HCG levels in early pregnancy can be detected approximately 11 days after conception by a blood test, and about 12-14 days after conception by a home pregnancy test, or urine test. In general, the HCG levels in early pregnancy should double every 48 hours in early pregnancy to indicate a viable pregnancy. This rate will increase to every 96 hours after a few weeks.
Normal hCG levels during early pregnancy vary significantly from one person to another. HCG levels increase rapidly during the beginning of pregnancy, doubling approximately every two to three days, and then the doubling rate starts to slow down somewhere around the 8th week of pregnancy. A couple of days can have a significant effect on how high a woman’s levels are.
If you get your hCG level back and they seem higher than normal for your gestation, there is a chance you are carrying twins or multiples. The problem with going by hCG level’s alone to determine how many babies you are carrying is that some women (for whatever reason) have higher hCG levels when they are pregnant then other women do. You may have a level of 49 hCG at 4 weeks gestation, and your friend may have a level of 268 hCG at 4 weeks gestation.
If you have ever looked at an HCG (Human Chorionic Gonadotropin) chart, you will know that the range for a normal pregnancy at 4 weeks, 5 weeks, 6 weeks and so on is quite large. For example a woman who is 4 weeks pregnant, may have an hCG level of 45 or 345, and both are perfect. The biggest thing to remember when analyzing your hCG levels is are they rising, and how quickly? It isn’t so much the number as it is how quickly the numbers are doubling.
The rate at which the foam number is doubled is what assumes prime significance in case of expectancy. Sometimes it can be noted that a healthy expectation can lead to inferior hormone level. It is a fact worth mentioning that the HCG level should slowly but surely decrease after child birth takes place. After miscarriage the level should in all possibility reach the extent that existed before fertilization. The time taken for the HCG level to reach a normal stage is about four to six weeks.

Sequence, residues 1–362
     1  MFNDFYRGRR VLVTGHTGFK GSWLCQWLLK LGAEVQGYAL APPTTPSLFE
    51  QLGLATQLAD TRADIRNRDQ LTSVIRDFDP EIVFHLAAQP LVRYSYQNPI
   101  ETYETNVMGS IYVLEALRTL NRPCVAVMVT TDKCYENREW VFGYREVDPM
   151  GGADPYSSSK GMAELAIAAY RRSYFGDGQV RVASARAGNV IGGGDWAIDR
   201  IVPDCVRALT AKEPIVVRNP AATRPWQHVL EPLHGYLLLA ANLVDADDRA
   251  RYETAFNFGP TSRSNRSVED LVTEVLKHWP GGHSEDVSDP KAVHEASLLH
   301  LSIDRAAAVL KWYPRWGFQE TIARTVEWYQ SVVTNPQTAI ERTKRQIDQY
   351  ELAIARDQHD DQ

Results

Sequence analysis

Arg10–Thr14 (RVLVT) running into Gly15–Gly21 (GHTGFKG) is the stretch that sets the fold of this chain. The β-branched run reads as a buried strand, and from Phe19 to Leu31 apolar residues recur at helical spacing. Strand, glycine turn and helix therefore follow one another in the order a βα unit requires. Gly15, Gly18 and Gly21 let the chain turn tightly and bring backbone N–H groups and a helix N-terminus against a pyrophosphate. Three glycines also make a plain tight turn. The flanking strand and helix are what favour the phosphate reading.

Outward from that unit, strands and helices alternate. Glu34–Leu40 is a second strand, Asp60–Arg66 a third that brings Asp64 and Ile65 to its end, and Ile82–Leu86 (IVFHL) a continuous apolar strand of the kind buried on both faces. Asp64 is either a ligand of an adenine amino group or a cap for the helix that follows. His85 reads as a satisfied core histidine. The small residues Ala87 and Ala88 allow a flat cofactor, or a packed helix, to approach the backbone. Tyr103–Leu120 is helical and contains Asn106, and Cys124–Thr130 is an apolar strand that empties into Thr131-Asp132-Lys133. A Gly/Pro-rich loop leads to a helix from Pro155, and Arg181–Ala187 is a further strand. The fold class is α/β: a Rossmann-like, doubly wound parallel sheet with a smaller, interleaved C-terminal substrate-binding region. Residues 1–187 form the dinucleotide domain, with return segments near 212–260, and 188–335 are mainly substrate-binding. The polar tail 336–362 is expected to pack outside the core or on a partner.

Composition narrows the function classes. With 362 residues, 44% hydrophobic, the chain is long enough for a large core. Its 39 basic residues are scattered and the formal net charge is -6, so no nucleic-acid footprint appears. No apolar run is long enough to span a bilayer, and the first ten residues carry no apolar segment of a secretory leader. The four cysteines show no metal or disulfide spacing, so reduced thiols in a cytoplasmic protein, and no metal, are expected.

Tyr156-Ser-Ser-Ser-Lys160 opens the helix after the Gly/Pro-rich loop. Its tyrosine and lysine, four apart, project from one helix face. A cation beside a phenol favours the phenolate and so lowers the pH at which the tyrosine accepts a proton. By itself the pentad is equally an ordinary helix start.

HCG stimulates the ovary to make progesterone. Progesterone is the hormone that maintains the endometrial lining of the uterus for carrying the pregnancy. In the normal menstrual cycle, progesterone made by the ovary only lasts for 2-weeks after ovulation. After 2-weeks, the progesterone level falls and menstruation begins. However, if pregnancy occurs, it stimulates the ovaries to produce progesterone to prevent menstrual bleeding.
Each month in the second half of a woman’s menstrual cycle after an egg has been released by the ovary the lining of the uterus is supported and stimulated by progestin that is produced by the cells of the ovary in the area where the egg was released. This area of the ovary is called the corpus luteum, and it produces progestin for about 12-14 days. If the egg is fertilized and implants in the uterus, the developing embryo starts to produce the hormone HCG which stimulates the corpus luteum to continue to produce progesterone.
Home pregnancy tests are best if used after a woman misses her first period because the hormone takes time to build in the system. If a home pregnancy is taken too soon, the results can be inaccurate causing unneeded stress for the woman.